Diarrhea in pets: More than a passing problem?
Vail CO Colorado
Spring is here, the snow is melting and there is a lot of junk, full of bacteria, on the ground. Our dogs are running around eating and drinking whatever they can find. We don’t always know what they have consumed. But we sure know that they did swallow something when a few hours later, they have smelly, messy diarrhea. Then it’s time to determine if this is serious or if it is a passing problem. If the animal is acting normal, then you might just need to watch your pet closely. If the dog is very lethargic and seems to be in pain, does not want to move or is panting and breathing hard, then it may be an emergency.
If your pet is acting normal then it is best to avoid feeding them regular food and give your pet a blander food for a couple of days. This would be a simple carbohydrate and protein source, that is easily digestible. Most of you have probably already experienced this and cooked up some white rice mixed with cottage cheese, chicken breast or cooked ground beef (with the fat drained out).
If the diarrhea does not clear up, then seek medical attention for your pet. A fecal analysis helps to eliminate such things as parasites, bacteria, worms, or other reasons for the diarrhea.
If the diarrhea is very watery and your dog is not acting sick, then you can give your dog Imodium A-D, the over-the-counter diarrhea medicine for humans. You’ll have to adjust the dose according to your dog’s size and I don’t suggest giving it for more than two days. After two days, if the diarrhea is still present, then further diagnostic tests are necessary. And sometimes Imodium can cause constipation if given long term. It is very important to not mask some other more critical problem in the gastro-intestinal (GI) system.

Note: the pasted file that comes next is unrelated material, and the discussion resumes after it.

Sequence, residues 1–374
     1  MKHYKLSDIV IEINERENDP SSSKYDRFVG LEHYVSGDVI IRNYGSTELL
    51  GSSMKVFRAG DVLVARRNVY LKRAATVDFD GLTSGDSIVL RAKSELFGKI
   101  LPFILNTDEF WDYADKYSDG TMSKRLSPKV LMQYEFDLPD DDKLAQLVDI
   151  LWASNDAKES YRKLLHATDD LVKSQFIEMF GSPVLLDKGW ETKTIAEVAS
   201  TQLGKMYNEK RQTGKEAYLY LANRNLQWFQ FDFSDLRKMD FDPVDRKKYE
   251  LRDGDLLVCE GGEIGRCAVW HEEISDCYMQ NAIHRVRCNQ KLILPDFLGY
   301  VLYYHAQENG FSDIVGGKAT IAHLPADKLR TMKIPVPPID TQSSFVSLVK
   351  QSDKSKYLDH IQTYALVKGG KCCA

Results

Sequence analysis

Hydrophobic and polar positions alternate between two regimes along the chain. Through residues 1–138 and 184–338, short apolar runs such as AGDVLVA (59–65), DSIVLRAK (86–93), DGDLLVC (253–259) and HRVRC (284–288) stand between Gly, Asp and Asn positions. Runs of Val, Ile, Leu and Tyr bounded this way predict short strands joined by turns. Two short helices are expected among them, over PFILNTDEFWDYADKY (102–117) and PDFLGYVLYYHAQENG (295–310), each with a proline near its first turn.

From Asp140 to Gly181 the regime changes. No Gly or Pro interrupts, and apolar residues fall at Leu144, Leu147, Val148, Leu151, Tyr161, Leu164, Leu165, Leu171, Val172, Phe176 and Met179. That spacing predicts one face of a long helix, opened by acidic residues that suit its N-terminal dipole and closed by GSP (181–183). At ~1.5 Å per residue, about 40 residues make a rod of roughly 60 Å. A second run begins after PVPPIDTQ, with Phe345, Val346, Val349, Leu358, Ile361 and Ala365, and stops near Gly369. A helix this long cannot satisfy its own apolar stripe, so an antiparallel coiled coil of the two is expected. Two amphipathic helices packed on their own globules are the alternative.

If your dog has bloody diarrhea or even some drops of blood in the diarrhea, this can indicate a serious problem. Though it is actually a common problem in colitis to see blood and mucus in the diarrhea. Colitis is inflammation of the colon (the last section of the intestinal tract). The colon has a sensitive lining and many agents can cause a disturbance in the normal intestinal bacteria. A common cause of colitis is stress, which could include a recent move, change in environment, boarding your pet for a while, a new addition to the family (pet or human), etc. This is usually easy to treat but may require prescription drugs. A fecal sample given to your local veterinarian helps to rule out other causes.
Though it may seem trivial to you, it is very important to take notice of the diarrhea properties. Knowing the frequency of diarrhea, the consistency (watery or mushy), if there is blood or mucus, the volume of diarrhea (increased or decreased), and whether there is urgency in defecating or not helps veternarians diagnose the problem. With the right information, we can figure out if the problem is in the large or small intestines. There are many other causes of diarrhea including: pancreatitis, ulcers, parasites, virus, bacteria, a foreign body, toxins, food intolerance, etc.
This is the time of year when we see a lot of diarrhea. Sometimes it clears up alone and sometimes it needs medical attention.
Veterinarian Dr. Nadine Lober can be reached at 970-949-7972.
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Are we seeing more bears because there are more bears on the valley floor, or because we’re all spending more time at home? It could be a bit of both.